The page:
The recent joint sea patrols that China and Russia conducted near Japan send a "very foreboding message" to the rest of the world that the two countries are working together to push back against the growing relationship between the United States and its allies in the region, Rep. Rob Wittman said on Newsmax Tuesday.
"[They are] opposed to anything else that we see as acknowledging freedom and liberty across the world and are now working together to do everything they can to intimidate others," the Virginia Republican said on Newsmax's "Wake Up America."
He also called on the United States to strengthen the Navy's capabilities.
Wittman pointed out that the two nations' push comes after the agreement between Australia, the United Kingdom, and the United States on nuclear submarine production, and with the push for building relationships with India and other nontraditional allies.
The 10 Chinese and Russian warships circled Japan on Oct. 18, and went through two narrow straits, reports Stars and Stripes. Japan's Ministry of Defense said the ships stayed in international waters and didn't come into the country's territory.
U.S. Navy Secretary Carlos Del Toro, who is visiting Japan this week, told reporters Monday that it was a "wonderful thing" that ships could pass unimpeded through international waters, but he was concerned about the two countries' intentions.
“I believe that the relationship between China and Russia, perhaps recently, has evolved in ways where they’re trying to intimidate other nations with their actions that don’t abide by a rule-based international order,” Del Toro said, reports Stars and Stripes. “I think it’s necessary to thoroughly deter them from bullying other countries and being aggressors in any possible way.”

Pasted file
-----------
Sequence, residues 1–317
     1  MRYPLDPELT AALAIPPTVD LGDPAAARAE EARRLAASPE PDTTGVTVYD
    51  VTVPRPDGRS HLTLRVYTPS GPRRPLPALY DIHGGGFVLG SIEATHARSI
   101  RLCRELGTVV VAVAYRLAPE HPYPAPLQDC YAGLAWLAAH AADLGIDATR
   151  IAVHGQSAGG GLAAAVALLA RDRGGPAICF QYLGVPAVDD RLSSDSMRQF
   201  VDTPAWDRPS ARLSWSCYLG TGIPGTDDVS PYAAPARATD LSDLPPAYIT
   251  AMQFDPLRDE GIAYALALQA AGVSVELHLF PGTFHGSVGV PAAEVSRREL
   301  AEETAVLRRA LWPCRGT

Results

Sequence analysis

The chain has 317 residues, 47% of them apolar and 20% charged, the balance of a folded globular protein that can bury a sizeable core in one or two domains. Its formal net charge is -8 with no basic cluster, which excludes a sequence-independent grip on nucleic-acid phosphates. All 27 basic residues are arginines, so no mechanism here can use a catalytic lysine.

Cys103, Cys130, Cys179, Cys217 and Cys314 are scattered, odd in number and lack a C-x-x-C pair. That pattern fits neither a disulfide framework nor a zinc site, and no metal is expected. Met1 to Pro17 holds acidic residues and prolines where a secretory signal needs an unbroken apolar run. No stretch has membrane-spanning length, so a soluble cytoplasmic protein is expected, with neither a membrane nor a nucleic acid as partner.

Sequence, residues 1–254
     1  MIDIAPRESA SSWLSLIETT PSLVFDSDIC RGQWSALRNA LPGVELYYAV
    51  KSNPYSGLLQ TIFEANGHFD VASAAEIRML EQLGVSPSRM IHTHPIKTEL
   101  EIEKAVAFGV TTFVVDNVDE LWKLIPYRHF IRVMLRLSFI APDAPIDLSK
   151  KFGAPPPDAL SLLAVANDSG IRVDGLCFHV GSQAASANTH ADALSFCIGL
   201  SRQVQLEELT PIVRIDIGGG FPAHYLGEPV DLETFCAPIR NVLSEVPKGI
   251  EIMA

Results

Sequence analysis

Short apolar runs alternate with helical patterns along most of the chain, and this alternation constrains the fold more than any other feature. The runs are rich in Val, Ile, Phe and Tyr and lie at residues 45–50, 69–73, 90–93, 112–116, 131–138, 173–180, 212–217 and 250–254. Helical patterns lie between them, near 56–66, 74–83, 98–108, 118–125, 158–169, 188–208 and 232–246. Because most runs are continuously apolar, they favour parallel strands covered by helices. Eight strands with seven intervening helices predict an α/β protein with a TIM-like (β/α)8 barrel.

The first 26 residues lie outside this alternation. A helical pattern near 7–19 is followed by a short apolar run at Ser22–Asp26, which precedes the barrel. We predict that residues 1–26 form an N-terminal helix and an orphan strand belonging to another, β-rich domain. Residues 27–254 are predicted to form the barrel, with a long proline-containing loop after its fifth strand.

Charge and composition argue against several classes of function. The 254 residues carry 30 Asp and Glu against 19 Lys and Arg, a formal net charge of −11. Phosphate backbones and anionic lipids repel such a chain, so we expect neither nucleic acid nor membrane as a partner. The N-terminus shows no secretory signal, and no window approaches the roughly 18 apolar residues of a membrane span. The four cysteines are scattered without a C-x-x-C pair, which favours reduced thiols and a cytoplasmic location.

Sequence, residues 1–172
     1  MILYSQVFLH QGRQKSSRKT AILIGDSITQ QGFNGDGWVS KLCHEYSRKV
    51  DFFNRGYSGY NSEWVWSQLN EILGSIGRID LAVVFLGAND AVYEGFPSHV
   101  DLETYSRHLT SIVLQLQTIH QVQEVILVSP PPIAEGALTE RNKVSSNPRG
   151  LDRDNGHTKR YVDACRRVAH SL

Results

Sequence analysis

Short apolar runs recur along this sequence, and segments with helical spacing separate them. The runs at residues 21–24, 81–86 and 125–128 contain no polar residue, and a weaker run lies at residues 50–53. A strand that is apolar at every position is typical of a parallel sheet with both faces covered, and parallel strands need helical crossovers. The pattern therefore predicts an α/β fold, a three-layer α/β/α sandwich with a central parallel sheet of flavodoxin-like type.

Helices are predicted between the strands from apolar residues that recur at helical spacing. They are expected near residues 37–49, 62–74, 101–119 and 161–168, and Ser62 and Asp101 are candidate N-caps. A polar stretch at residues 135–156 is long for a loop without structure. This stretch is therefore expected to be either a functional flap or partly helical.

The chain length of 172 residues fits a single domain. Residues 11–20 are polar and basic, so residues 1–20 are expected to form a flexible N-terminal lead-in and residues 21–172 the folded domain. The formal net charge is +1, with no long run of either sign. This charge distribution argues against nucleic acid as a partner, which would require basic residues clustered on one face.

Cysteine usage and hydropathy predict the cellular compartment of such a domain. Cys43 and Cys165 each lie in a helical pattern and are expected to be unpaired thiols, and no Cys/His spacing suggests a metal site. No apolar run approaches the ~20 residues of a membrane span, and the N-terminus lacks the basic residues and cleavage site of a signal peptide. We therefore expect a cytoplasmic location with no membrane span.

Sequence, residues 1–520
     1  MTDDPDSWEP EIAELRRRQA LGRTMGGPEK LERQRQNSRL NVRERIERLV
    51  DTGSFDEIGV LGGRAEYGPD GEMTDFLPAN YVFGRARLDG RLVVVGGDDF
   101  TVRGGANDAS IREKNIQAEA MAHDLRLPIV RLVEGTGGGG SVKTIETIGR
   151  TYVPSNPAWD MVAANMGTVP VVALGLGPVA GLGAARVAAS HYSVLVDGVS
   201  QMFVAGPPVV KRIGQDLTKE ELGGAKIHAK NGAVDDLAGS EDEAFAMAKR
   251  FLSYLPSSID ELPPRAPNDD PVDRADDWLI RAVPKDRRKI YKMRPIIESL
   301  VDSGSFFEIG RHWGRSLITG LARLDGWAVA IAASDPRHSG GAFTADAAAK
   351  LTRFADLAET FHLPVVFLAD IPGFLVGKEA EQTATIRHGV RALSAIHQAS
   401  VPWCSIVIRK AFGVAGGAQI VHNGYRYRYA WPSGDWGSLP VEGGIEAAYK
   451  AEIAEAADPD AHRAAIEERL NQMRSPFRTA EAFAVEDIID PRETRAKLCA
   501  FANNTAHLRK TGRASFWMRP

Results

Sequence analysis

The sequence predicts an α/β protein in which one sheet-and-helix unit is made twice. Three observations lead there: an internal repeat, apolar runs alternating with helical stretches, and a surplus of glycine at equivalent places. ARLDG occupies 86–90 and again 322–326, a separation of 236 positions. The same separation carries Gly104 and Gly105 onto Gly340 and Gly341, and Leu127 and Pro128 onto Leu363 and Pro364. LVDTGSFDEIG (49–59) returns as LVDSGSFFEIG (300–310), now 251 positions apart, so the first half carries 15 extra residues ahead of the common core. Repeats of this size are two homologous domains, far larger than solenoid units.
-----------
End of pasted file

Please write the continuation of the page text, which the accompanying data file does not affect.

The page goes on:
Wittman told Newsmax that the United States has to modernize and increase the size of the Navy, but President Joe Biden's budget only calls for building eight ships — and retiring 15.
"We see the Chinese on track to have over 400 ships in its navy by 2025," said Wittman. "We also have to develop these long-term strategic relationships that will have us operating jointly with countries like India. We do that currently with Japan and South Korea, but we need to do more of that."
Meanwhile, the governor's race in Virginia is continuing to heat up, but that doesn't mean the people of the state want to see Biden coming in on Tuesday, when he'll be campaigning for Terry McAuliffe, the former Democrat governor who is trying for another shot at leading the commonwealth, said Wittman.
"You look at the president's numbers in Virginia. He is way underwater. I don't think that his presence is going to do anything to help Terry McAuliffe," he said.
Biden's presence will instead help Glenn Youngkin, the Republican nominee for governor, because the failures of the president's administration will be highlighted, said Wittman.
Sandy Fitzgerald has more than three decades in journalism and serves as a general assignment writer for Newsmax covering news, media, and politics.
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